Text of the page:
The state is home to vibrant communities filled with adventures. With a population of over ten million people, North Carolina is the ninth biggest state in the country, and it is still growing. For those considering relocating to the region and those seeking to upgrade their North Carolina homes, the best residential architects are necessary. 

The list below showcases the best residential architects in North Carolina. These firms were selected based on their experiences in residential designs, awards won, years in the industry, and media coverage, and they are the best in the industry…

Arielle Condoret Schechter, Architect

A fine example of the firm’s accomplished projects is Wolf-Huang Residence on Lake Orange. Photo by Tzu Chen.

What separates multi-award-winning firm Arielle Condoret Schechter, Architect, from the other architects is a clear understanding of how each project is about more than designing an exceptional space. Each project has the capacity to enhance people’s lives and lifestyles, and this small firm is dedicated to doing exactly that. READ MORE


January 18, 2022 § Leave a comment

by Morgan Cartier Weston | Photos by John Michael Simpson


ARCHINECT: “Wolf-Huang Lake House”

October 27, 2021 § Leave a comment

Living/Dining/Kitchen space

Across the east fork of the Eno River in Orange County, six miles north of downtown Hillsborough, Lake Orange has attracted well-heeled homeowners to its shores for years, many of whom have built their very large, very traditional dream homes there. Many hardwoods and evergreen trees have disappeared in their wake.

Now another new home has appeared along the lake’s shore, nestled among the lofty trees, that is the antithesis of those houses. Designed by Chapel Hill architect Arielle Condoret Schechter, AIA, the Wolf-Huang house has introduced modern, sensibly sized, and environmentally sustainable living to the Lake Orange neighborhood. Inside, it is the essence of minimal, reductive design — simple and serene. READ MORE A Q&A with the homeowners

September 21, 2020 § Leave a comment

Photo by Tzu Chen

This Haw Riverfront home is a secluded sanctuary nestled in untamed paradise.

Nestled along the banks of the Haw River, in stark contrast to its untamed surroundings, is Scott Zimmerman and Kate Paradis’ modern, green home [designed by Arielle Condoret Schechter, AIA]. For these University of North Carolina alumni, their 21-acre piece of land is their paradise. The Propane Education & Research Council spoke to Scott about the features they love most about their “Hawsome” home and propane’s role in making their secluded sanctuary possible.

What drew you to this specific location that some might have shied away from?

You have to be there to see it. The view is unbelievable, literally, that was it. The closest neighbors are a mile away, my driveway is a mile long, you’re not here unless you’re meant to be, so there is privacy. The property is full of projects and I am retired so I have my woodworking shop, and also normal land maintenance every day. We looked for a place close to Chapel Hill that felt like it was out away from everything  — rather than buying a beach house or mountain house which we’d use two or three times a year  — but that was still close to town without feeling like it. We found this piece of property on the river and that’s where we are. It’s been a five-year project to get where we are now. It took 537 days to build the house, and we moved in late January before the coronavirus shutdown started. READ MORE “Harsh Riverfront Site Inspires Spectacular Net Zero Home”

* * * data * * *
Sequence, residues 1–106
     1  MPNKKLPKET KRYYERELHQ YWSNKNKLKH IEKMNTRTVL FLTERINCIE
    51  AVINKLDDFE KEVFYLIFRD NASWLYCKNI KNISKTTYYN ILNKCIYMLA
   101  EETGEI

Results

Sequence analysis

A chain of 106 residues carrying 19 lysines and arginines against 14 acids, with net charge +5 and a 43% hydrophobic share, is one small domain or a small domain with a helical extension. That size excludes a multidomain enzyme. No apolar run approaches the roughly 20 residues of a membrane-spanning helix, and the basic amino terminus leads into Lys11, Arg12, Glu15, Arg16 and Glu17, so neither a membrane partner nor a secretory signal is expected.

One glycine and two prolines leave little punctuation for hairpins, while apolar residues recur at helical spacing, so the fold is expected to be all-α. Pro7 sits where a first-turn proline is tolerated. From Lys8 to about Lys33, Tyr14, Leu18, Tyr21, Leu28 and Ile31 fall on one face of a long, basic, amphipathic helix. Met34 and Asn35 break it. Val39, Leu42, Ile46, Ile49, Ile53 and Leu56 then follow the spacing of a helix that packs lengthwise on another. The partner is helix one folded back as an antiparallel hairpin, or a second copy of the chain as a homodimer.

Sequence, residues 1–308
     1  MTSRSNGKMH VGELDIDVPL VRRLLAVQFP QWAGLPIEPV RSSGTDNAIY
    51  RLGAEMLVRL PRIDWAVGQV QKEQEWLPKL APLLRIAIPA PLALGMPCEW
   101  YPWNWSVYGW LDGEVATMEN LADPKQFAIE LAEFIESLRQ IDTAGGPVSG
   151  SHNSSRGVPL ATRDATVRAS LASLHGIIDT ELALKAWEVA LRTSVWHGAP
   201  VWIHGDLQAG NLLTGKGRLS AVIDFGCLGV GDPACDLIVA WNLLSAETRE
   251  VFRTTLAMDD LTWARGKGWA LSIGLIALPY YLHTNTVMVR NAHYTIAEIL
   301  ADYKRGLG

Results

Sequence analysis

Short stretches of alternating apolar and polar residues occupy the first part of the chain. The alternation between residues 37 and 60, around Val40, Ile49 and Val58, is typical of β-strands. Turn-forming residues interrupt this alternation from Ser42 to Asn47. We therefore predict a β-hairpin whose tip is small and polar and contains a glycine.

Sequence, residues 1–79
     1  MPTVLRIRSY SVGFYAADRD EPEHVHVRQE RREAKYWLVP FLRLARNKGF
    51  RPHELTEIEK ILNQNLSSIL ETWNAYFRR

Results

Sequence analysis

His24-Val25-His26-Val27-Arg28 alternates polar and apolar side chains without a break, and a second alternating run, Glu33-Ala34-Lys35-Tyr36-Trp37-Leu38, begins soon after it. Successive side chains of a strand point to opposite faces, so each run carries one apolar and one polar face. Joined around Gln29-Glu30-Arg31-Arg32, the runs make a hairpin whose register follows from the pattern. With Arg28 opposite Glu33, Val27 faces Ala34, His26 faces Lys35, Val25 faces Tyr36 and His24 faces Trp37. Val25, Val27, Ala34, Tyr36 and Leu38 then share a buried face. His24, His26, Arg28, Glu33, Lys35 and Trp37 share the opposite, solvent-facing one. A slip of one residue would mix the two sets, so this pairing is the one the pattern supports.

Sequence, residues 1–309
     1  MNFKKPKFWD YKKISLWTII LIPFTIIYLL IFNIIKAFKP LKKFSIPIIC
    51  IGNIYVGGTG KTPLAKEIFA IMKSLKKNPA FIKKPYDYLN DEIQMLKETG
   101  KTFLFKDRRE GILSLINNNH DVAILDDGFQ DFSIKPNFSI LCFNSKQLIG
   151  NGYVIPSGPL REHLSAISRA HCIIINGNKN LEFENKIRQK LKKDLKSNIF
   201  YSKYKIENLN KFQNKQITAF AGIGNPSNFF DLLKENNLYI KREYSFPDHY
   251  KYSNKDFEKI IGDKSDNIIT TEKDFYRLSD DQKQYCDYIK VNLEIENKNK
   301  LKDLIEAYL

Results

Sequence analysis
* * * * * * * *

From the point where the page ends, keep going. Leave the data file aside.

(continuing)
July 28, 2020 § Leave a comment

1.Haw River House drone view copy 2

Greywater collection, renewable energy, and a propane generator keep this Haw River dwelling resilient and self-sustaining. Photos by Tzu Chen

When architect Arielle Condoret Schechter’s clients purchased the dazzling 21-acre strip of land that would become their home on the Haw River in North Carolina, the seller had a simple condition: He wanted them to build a home that was environmentally responsible.

The buyers granted his wish by hiring Schechter, a residential architect known for building net zero or passive houses with an ultramodern aesthetic. And his directive became the first of many ways the land would dictate Schechter’s design for the Haw River House.

“It is just spectacular out there,” Schechter says. “It’s like nothing I’ve ever had a chance to work on as far as primal beauty goes.” READ MORE

4.Haw River_view from the river at dusk copy 2

The Paradis-Zimmerman house overlooks the Haw River rapids from its perch on a rocky knoll surrounded by a forest.

ARCHITECTS + ARTISANS: “Six Winners in the Matsumoto Competition”

July 26, 2020 § Leave a comment

1.Haw River House drone view copy 2

By Micheal Welton (Photo by Tzu Chen)

It couldn’t have happened to a nicer place.

The top two winners in the 2020 Matsumoto Prize competition – for both juried and people’s choice awards – are sited on one of Carolina’s most sought-after beaches…

…Second place in the juried competition went to Arielle C. Schechter’s Haw River House. “‘It’s just enough house for the site,’ was one of the comments,” he says. Third place went to Haymond House, by Tonic Design’s Vinny Petrarca and Katherine Hogan… READ MORE


AEC CAFE: “Haw River Net Zero Passive House in Chatham County, North Carolina, by Arielle Condoret Schechter, AIA”

June 12, 2020 § Leave a comment

By Sanjay Gangal 

The clients — an artist and an attorney — asked for a “very sustainable yet super-modern” house for their blended family, which is generously populated with children and beloved dogs. And they wanted the type of house that Arielle Condoret Schechter is known for: modern, Net Zero, Passive house-rated with clean lines and clear volumes and open, uncluttered interior spaces filled with sunlight, panoramic views, and easy access to the outdoors.

4.Haw River_view from the river at dusk copy 2


Perched on a knoll above the Haw River rapids in Chatham County, the 2600-square-foot house was designed to be perfectly at home within its wooded site. READ MORE